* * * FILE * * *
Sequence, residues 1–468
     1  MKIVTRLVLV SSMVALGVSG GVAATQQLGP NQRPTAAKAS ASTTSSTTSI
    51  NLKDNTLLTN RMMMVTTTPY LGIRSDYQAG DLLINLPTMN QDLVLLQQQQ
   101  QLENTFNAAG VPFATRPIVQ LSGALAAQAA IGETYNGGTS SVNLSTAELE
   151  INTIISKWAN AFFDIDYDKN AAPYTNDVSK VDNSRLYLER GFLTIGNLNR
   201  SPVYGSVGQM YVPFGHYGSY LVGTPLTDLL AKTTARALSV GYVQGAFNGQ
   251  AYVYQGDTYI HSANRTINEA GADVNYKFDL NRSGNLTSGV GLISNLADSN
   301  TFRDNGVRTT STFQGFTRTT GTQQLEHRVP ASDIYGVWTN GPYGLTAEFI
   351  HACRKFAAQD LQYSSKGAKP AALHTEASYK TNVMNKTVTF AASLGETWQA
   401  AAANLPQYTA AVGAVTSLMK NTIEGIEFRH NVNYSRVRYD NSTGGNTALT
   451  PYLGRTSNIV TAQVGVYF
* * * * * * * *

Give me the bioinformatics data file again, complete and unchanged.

Sequence, residues 1–468
     1  MKIVTRLVLV SSMVALGVSG GVAATQQLGP NQRPTAAKAS ASTTSSTTSI
    51  NLKDNTLLTN RMMMVTTTPY LGIRSDYQAG DLLINLPTMN QDLVLLQQQQ
   101  QLENTFNAAG VPFATRPIVQ LSGALAAQAA IGETYNGGTS SVNLSTAELE
   151  INTIISKWAN AFFDIDYDKN AAPYTNDVSK VDNSRLYLER GFLTIGNLNR
   201  SPVYGSVGQM YVPFGHYGSY LVGTPLTDLL AKTTARALSV GYVQGAFNGQ
   251  AYVYQGDTYI HSANRTINEA GADVNYKFDL NRSGNLTSGV GLISNLADSN
   301  TFRDNGVRTT STFQGFTRTT GTQQLEHRVP ASDIYGVWTN GPYGLTAEFI
   351  HACRKFAAQD LQYSSKGAKP AALHTEASYK TNVMNKTVTF AASLGETWQA
   401  AAANLPQYTA AVGAVTSLMK NTIEGIEFRH NVNYSRVRYD NSTGGNTALT
   451  PYLGRTSNIV TAQVGVYF